Relationships all ebb and flow whether you’ve only been dating for a short time or you’ve been with your partner for many years. But realizing that your partner is distancing from you can be painful. Distance is hard to bear in a romantic relationship because having consistent, dependable understanding, love, and support for each other is important. When that changes, the relationship feels desolate and empty. But don’t despair.
Here are 15 helpful hints to follow if your partner feels distant and you want to do something about it:
- Ask questions.
People appreciate some space, but he may also have something wrong and he doesn’t know how to bring it up. If you do, you’re making it easier for him to figure things out.
Invite him to talk about what’s going on. Try saying something like, “I feel like you’re pulling back, and I want you to know I’m here to support you through what’s happening This will allow you to get to the root of the issue and help him find a solution.
- Acknowledge that something’s going on.
Recognize the distance you’re feeling, and ask if your partner feels it too. Ask if he has something happening in his life that needs to be addressed. When he answers, you need to be open to what he tells you. you may not like what he says, but you need to accept his honest response.
Your conversation will not go well if you react defensively. Your goal is to reduce the distance, not to widen it.
- Give him space.
Once he has some space, ask him why he needs it, and then give him his space again. This situation requires give and take, and it’s crucial to take things slowly.
Listen to what he has to say, and evaluate if you can work with it. Once you’ve had the conversation, give him back his space.
- See if the distance is intentional.
If you feel him pulling back from you, gently ask if he feels the distance too. If he’s in denial, or if you’re reading too much into the situation, you may have to delve deeper.
If he says he hasn’t felt anything different and you feel he’s in denial, don’t press, push, or force him to agree with you. Instead, tell him you sense a shift in your connection. Give each other the opportunity to speak and listen without interruptions. Solutions are important, but it’s even more important for each partner to feel accepted, validated, and heard
- Let your partner air his thoughts.
Remind him that you’re available to listen. You may not be able to fix things for him, but it may help him if you share the burden of his problems
- Allow some time to pass.
Chasing after him is among the worst things you could do. Instead, give him some time to see if what he’s feeling is temporary. If the problem doesn’t go away with time, bring it up in a gentle, peaceful manner. Make sure to pay attention to his response.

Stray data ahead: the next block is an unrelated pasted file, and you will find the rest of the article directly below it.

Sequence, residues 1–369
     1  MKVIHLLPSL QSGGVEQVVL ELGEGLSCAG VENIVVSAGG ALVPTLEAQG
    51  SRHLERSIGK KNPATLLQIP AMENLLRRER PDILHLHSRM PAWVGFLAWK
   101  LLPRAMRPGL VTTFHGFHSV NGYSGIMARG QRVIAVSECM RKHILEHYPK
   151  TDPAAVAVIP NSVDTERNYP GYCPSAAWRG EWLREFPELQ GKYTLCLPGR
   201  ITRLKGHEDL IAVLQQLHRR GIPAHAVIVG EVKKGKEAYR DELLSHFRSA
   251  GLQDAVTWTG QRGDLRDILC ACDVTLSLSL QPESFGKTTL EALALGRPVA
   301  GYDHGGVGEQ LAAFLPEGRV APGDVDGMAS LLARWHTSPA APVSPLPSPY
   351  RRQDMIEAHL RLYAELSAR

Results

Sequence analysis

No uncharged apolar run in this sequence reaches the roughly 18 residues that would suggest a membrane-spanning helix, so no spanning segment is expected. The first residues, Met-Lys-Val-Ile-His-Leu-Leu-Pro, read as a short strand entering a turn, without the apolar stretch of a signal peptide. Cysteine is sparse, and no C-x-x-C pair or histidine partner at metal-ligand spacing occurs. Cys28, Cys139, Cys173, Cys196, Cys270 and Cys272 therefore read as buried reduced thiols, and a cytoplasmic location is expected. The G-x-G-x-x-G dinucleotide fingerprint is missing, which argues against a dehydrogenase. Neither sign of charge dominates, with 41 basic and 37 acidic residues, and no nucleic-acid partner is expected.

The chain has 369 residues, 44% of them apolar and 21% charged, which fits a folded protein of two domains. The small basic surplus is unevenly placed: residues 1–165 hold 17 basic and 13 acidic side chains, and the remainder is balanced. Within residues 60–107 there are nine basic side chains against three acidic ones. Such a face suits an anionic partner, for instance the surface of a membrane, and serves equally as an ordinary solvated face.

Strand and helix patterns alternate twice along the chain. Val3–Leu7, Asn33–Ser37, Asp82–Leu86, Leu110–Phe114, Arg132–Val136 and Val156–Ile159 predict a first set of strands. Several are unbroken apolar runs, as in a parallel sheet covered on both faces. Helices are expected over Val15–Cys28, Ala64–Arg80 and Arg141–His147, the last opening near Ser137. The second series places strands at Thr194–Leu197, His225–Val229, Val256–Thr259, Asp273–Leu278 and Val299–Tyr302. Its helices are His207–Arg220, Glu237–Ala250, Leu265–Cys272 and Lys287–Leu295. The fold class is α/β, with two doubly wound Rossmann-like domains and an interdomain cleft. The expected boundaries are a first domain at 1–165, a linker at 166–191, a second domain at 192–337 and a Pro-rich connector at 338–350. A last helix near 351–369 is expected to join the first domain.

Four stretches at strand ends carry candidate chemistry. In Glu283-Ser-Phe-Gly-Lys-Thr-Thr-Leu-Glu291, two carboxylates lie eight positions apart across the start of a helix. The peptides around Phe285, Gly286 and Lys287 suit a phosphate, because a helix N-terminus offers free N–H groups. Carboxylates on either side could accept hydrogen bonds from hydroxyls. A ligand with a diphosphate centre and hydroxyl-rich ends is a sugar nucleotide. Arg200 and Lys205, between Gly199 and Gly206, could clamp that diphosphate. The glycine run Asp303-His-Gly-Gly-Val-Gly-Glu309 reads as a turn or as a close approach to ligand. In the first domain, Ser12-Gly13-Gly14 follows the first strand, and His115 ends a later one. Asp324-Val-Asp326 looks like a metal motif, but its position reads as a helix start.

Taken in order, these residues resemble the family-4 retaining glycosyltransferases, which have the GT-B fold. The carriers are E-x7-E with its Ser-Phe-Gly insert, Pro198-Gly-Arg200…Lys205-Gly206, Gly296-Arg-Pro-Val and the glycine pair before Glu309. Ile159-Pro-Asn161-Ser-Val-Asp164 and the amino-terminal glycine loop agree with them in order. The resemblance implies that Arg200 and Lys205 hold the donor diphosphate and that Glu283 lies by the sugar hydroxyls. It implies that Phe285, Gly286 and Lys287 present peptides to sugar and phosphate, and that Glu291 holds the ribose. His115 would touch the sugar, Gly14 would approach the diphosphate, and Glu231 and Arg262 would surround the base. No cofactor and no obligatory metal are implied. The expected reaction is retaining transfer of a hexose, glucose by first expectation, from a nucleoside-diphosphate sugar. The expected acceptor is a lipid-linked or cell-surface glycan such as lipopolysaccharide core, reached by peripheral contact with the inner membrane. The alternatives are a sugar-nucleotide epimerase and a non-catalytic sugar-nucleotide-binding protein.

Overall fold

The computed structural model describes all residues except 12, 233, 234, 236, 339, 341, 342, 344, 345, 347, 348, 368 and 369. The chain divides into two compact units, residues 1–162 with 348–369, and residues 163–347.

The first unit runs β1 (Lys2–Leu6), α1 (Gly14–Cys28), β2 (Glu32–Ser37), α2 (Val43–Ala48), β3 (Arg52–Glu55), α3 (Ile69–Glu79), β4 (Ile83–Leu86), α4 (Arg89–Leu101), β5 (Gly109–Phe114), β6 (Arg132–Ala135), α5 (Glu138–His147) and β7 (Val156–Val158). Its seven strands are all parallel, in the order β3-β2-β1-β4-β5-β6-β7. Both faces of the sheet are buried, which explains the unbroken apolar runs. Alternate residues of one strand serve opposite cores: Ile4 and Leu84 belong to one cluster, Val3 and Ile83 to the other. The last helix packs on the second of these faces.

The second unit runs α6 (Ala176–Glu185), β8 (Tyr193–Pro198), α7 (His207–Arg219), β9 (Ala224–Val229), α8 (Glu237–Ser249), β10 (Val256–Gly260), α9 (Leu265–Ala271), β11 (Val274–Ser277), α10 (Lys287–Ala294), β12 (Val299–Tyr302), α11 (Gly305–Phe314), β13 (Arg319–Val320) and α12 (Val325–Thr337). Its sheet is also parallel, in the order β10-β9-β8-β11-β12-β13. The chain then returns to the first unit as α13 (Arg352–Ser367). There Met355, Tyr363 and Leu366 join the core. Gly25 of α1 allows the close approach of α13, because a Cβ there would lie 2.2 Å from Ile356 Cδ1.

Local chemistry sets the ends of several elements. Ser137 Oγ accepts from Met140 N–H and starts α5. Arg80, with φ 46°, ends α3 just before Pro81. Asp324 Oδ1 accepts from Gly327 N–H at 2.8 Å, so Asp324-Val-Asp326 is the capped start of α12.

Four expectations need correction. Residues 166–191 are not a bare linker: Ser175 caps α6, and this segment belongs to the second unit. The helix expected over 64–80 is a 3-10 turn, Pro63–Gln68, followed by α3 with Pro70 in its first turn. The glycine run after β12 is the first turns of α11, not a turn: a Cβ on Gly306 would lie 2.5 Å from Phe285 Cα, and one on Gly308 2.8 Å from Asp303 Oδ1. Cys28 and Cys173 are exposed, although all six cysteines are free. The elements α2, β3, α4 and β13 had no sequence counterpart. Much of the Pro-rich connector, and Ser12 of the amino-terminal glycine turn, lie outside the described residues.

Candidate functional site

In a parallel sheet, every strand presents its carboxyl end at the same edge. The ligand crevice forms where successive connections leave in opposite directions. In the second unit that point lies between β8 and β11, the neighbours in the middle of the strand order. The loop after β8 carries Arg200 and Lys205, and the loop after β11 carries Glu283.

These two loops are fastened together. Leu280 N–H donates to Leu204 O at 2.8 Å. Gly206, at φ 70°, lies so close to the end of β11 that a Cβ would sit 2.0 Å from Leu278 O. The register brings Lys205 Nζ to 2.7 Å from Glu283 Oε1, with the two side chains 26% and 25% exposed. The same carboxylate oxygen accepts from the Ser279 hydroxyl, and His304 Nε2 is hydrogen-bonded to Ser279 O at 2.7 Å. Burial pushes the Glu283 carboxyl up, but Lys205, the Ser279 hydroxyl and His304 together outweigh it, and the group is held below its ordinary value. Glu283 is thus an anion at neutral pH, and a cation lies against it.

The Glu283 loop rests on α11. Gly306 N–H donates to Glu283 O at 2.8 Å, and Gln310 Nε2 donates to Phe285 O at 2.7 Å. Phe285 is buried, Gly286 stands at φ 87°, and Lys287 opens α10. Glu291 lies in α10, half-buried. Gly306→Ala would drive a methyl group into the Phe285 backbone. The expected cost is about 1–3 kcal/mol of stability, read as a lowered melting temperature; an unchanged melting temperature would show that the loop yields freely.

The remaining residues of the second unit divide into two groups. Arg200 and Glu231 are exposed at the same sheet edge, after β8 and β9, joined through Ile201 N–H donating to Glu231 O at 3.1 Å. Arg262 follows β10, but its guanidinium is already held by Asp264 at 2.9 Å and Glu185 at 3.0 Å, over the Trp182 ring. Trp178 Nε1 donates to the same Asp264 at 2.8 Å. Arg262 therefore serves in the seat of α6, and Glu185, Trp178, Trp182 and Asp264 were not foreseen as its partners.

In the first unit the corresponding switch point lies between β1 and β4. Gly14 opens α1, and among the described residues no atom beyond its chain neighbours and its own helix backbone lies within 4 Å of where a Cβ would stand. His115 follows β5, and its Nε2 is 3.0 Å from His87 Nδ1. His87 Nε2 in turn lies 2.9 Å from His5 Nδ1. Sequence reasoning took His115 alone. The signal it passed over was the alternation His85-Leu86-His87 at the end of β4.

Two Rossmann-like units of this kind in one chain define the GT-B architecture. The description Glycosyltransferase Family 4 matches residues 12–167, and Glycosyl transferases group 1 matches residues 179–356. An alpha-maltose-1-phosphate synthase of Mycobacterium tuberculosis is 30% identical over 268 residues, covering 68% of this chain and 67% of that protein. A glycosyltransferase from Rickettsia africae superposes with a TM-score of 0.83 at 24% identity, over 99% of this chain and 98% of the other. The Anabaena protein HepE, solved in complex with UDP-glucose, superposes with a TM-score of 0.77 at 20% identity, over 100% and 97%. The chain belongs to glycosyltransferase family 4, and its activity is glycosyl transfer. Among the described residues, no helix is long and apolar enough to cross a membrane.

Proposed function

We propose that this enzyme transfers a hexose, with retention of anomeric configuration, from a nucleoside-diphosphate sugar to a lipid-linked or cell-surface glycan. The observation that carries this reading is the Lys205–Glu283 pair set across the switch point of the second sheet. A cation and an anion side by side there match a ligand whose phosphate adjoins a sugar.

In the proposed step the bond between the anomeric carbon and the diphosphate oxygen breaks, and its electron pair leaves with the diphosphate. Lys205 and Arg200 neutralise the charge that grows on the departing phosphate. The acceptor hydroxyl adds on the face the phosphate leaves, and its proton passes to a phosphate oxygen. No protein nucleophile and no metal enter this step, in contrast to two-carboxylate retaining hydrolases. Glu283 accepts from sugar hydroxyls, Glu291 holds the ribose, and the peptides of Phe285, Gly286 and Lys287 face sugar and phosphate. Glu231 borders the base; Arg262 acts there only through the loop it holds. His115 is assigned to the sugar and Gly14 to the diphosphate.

- Honestly assess yourself.
Retreating is a common defense strategy many men use when their partner is habitually overbearing, critical, or angry. You may not think you’re any of those things, but take an internal pause to see if you may be. To allow him to come back toward you, rein in your criticism, anger, or emotional crowding to allow him to return. Be honest.
- Set your assumptions aside.
Communicating openly without making assumptions will help you figure out why he’s acting distant. His pulling away doesn’t automatically mean that you’re doing something wrong, or that he doesn’t want to be with you. Set your assumptions aside and have an honest discussion.
- Get to the core issue.
Address things directly. Tell your partner you’ve noticed he’s being more distant, and ask him why. The answer just might be something you could work on together to fix. It’s best to get it out in the open before things spiral into more significant issues or worse, a breakup.
- Don’t accuse him.
An accusatory or defensive approach can only escalate a problem. Bring it up with him, and let the outcome play out. Be honest about how you feel, but make him feel attacked. Stay calm so you can have an honest conversation.
- Don’t make it about you.
When you feel your partner pulling away, it’s natural to assume it’s your fault. Instead of going on the defensive, strive to remain supportive and open. When you open the conversation, don’t focus on yourself. Try saying something like, “I feel as though something’s going on with you. Do you have something weighing you down? I want you to know that I’m here for you.” Phrasing it like that opens both of you up to total honesty. Being there for him may be the best gift you could give him.
- Begin the conversation.
Respect his space if you think it’s just a phase. However, people sometimes don’t know how to express themselves clearly, so they pull away to force or avoid an issue. It’s okay to call him out and let him address what’s going on. Creating distance with the intent of forcing a conversation isn’t the most effective tactic, but if you really love him and want to work things out, it’s best to have the tough conversations.
- Make the best of it.
Use the situation as an opportunity to have a heart-to-heart discussion about where your relationship is going. This opens both you and your partner to a crucial conversation without assumptions, control, or judgment.
- Consider your feelings.
If your partner pulls away, analyze what you’re feeling. Make time to talk to him and let him know how his pulling back is impacting you. Use “I” statements in this conversation: “I feel ___ when you ___.” Let him know you see that he’s preoccupied, and you’re concerned. Ask him questions to get to the core of the issue. If you miss him, let him know, but no matter what, don’t lash out or attack.
- Share your evidence.
When you talk about what’s going on be specific about what you feel he’s doing. Give examples, and ask him why. Specifics are especially helpful if your partner is in denial or oblivious. Then, make sure you listen to him. Just listen.